Soon, You’ll Be Able to Use Your Apple Watch for Bicycling Directions

Jordan Smith
Photo credit: Hogarth Image Studio
Photo credit: Hogarth Image Studio

From Bicycling

  • On June 22, Apple gave a preview of watchOS 7, which will be available to users this fall.

  • Included in the updates will be bicycling directions integrated with Maps.

  • Your watch will also be able to track hand-washing and sleep, among other health updates.

On June 22, Apple announced the new features coming to WatchOS, iOS, iPadOS, and MacOS at its 2020 Worldwide Developers Conference, held virtually. One of these new features focuses on improvements in navigation for cyclists who are Apple Watch wearers. In WatchOS 7 and iOS14, Maps will provide biking directions, which will be especially helpful if you’re navigating a new city by bike or starting a cycling commute.

And in the new update, cycling directions for select cities (New York, Los Angeles, San Francisco, Shanghai, and Beijing) will be available right on the wrist. Apple designed the directions so they appear large and easy-to-read at a glance. Additionally, Maps also can let you know when to dismount and walk your bike, or take the stairs to save time.

Depending on what kind of ride you’re looking for, you will be able to choose a route that avoids steep hills, one that gets to the destination the quickest, or one that takes the most direct path, according to Apple.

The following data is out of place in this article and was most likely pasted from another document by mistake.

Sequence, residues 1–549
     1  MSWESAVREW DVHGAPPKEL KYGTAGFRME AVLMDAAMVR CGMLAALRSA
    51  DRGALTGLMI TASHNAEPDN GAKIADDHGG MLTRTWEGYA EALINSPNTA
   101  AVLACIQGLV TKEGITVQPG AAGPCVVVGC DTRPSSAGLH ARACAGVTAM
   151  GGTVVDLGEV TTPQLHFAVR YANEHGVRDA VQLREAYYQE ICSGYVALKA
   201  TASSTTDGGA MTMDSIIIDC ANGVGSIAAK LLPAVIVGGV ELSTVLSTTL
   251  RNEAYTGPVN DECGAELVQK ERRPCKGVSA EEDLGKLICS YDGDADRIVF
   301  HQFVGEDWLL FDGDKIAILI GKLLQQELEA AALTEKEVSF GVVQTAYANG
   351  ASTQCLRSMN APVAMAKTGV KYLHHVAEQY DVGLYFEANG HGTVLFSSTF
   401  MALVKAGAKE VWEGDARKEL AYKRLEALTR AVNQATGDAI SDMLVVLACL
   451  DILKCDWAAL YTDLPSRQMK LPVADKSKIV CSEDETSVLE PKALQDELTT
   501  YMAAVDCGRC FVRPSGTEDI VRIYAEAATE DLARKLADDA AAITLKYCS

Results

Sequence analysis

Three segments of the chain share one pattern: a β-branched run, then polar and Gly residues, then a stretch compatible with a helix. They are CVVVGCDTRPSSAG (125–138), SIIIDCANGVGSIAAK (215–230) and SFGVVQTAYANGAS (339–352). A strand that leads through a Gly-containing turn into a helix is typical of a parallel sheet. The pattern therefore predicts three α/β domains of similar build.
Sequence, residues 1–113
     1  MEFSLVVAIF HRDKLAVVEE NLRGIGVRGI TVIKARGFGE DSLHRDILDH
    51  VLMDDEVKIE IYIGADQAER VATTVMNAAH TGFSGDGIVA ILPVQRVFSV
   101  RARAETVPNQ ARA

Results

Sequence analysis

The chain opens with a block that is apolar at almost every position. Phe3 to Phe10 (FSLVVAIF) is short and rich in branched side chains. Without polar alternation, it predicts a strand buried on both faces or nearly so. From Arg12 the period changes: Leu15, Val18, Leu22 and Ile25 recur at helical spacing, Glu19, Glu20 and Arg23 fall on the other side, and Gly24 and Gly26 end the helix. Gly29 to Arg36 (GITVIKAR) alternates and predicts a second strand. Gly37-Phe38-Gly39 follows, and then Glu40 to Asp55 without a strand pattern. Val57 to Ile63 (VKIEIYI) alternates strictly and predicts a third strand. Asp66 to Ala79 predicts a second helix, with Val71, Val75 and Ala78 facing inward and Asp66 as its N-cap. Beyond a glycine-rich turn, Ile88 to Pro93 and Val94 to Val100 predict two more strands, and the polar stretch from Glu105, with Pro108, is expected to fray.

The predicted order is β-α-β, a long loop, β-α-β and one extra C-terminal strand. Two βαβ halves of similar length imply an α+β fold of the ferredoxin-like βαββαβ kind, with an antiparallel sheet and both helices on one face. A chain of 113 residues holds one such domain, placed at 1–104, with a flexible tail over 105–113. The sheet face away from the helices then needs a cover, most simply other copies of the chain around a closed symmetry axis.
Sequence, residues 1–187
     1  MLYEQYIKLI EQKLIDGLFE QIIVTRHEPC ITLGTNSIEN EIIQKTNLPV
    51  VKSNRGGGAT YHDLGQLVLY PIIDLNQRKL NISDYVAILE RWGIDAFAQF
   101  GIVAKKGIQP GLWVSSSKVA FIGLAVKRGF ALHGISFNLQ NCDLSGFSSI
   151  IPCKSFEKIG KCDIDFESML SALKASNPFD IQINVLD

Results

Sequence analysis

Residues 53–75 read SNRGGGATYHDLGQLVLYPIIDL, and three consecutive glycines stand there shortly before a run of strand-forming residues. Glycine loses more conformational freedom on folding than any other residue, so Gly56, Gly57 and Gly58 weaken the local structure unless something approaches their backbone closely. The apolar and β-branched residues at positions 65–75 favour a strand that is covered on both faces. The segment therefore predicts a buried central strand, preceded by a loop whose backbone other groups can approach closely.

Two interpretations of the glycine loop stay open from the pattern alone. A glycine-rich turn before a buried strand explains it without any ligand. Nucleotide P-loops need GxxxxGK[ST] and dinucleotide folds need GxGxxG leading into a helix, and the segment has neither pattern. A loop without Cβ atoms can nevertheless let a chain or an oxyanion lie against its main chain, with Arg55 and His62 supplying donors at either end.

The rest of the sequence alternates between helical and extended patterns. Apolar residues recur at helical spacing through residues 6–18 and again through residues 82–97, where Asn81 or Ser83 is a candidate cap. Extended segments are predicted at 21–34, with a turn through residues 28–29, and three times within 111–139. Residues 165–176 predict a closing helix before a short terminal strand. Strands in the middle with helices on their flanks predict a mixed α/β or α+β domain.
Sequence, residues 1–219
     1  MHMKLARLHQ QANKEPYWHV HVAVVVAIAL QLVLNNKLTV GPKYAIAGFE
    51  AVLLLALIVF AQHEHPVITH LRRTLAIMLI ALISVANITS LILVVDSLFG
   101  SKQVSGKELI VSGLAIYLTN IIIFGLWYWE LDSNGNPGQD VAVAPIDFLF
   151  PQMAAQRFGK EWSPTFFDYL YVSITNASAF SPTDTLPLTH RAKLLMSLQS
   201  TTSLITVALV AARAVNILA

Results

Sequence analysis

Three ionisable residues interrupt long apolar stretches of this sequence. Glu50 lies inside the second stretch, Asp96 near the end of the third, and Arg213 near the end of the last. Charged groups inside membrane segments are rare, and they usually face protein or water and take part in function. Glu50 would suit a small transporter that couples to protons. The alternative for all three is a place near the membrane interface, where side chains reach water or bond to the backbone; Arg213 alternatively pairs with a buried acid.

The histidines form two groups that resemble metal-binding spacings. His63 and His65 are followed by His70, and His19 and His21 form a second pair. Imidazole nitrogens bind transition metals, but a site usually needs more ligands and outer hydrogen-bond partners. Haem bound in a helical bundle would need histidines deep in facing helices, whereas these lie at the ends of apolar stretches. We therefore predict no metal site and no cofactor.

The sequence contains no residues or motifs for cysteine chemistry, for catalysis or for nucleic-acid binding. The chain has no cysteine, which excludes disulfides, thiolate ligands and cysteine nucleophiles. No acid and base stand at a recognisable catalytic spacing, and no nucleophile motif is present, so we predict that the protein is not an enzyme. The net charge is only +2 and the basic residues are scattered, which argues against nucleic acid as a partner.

Aside from cycling directions, Apple Watch users will also be able to track how much and what type of sleep they’re getting, and set a sleep routine. If you’re looking to track your core training in the Workout app, an option for that—along with dance, functional strength training, and cooldown—will be added.

[Download the All Out Studio App for more amazing at-home workouts!]

And, as preventing the spread of COVID-19 and other illnesses is on everyone’s minds, there will be a hand-washing detection feature that will initiate a 20-second countdown timer, which is the minimum length of time you should wash your hands to prevent the spread of germs, according to the CDC.

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